Questions Answered

What sustainability regulations in the EU define requirements regarding the environmental impacts of my products?

On the webinar, speakers discussed relevant EU legislation and initiatives, including:

  • Corporate Sustainability Reporting Directive (CSRD) – [in force] – The CSRD is one of the ‘tools’ in the EU’s Green Deal toolkit, aimed to make the EU climate neutral by 2050. The CSRD establishes a standardized framework for companies to report on their social and environmental impacts through the use of European Sustainability Reporting Standards (ESRS).
  • Ecodesign for Sustainable Products Regulation (ESPR) – [expected mid-2027] – Designed to make sustainable products the norm in the EU, the ESPR sets eco-design requirements for specific product groups, including textiles. The requirements cover key sustainability aspects such as durability, recyclability, and use of recycled content, as well as the creation of a Digital Product Passport (DPP) that will act as a “digital twin” of the garments and aims at enhancing transparency and traceability along the value chain.
  • Substantiating Green Claims Directive (SGCD) – [expected 2025] – Aimed to tackle greenwashing, the SGCD introduces stricter and standardized methodologies for sustainability claims, making claims more reliable, transparent, and comparable.
  • France’s Anti-Waste for a Circular Economy Law – [in force] – The law requires large clothing brands to have verified environmental labeling; smaller companies will have to comply in 2024 and 2025.
  • France’s draft bill targeting fast fashion – [expected 2025] – The draft bill reinforces Extended Producer Responsibility (EPR) schemes for textiles by introducing a penalty for products that are not sustainable or recyclable. This addresses the fast fashion sector specifically.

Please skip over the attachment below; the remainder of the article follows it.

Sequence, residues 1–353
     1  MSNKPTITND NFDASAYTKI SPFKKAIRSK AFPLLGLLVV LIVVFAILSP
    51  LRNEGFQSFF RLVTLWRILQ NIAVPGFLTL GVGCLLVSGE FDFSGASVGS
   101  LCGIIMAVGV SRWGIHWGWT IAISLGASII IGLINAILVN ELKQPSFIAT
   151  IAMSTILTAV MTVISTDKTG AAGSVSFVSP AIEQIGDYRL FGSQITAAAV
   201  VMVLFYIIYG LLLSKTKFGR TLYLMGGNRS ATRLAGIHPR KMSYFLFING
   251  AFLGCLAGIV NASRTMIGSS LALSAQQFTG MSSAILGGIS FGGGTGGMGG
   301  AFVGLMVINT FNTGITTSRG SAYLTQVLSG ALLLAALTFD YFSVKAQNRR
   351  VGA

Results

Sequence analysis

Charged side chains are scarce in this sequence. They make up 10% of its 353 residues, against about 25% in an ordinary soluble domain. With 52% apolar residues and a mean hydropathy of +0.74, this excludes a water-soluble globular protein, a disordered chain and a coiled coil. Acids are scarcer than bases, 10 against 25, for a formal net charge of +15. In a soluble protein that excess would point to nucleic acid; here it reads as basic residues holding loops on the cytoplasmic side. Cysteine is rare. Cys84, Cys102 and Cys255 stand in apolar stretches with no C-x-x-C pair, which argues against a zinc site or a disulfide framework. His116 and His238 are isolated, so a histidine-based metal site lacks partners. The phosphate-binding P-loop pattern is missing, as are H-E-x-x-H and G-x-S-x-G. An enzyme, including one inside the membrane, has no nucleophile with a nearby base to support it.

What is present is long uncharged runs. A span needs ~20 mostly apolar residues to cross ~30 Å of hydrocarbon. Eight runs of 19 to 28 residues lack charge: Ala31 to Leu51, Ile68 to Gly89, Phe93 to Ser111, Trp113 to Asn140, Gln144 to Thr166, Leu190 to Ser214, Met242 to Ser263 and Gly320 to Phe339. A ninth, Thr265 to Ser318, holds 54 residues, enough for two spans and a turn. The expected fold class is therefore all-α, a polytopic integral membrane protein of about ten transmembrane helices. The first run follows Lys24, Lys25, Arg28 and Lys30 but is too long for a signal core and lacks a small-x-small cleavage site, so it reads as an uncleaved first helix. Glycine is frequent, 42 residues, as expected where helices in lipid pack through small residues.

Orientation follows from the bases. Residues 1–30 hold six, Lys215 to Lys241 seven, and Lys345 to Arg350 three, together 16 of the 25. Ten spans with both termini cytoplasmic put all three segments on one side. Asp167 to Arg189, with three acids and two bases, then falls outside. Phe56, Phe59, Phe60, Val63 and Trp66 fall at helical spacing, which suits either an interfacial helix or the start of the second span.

What is the significance of PEF in relation to these regulations?

These regulations relate in different ways to the Product Environmental Footprint (PEF) method and product footprinting in general. CSRD requires a thorough assessment of an organization’s impacts, risks, and opportunities, and specifically mentions PEF as a way to assess these. In addition, the calculation of scope 3 emissions is required under ESRS E1, for which LCAs and/or PEF studies are useful. ESPR will likely require environmental impacts to be communicated to external stakeholders through the Digital Product Passport, for which PEF and LCA studies can be used. The European Commission proposal for the SGCD sees a more diminished role for PEF in its current form than initially foreseen. Although PEF might not become a mandatory requirement itself under SGCD,  the more simplified procedure now pursued may include a presumption of conformity for environmental claims that are based on recognized methods, such as PEF. The French labeling law is based on calculations obtained from a central database run by Ecobalyse and the Agency for Ecological Transition (ADEME). This method is inspired by PEF but has some noticeable differences.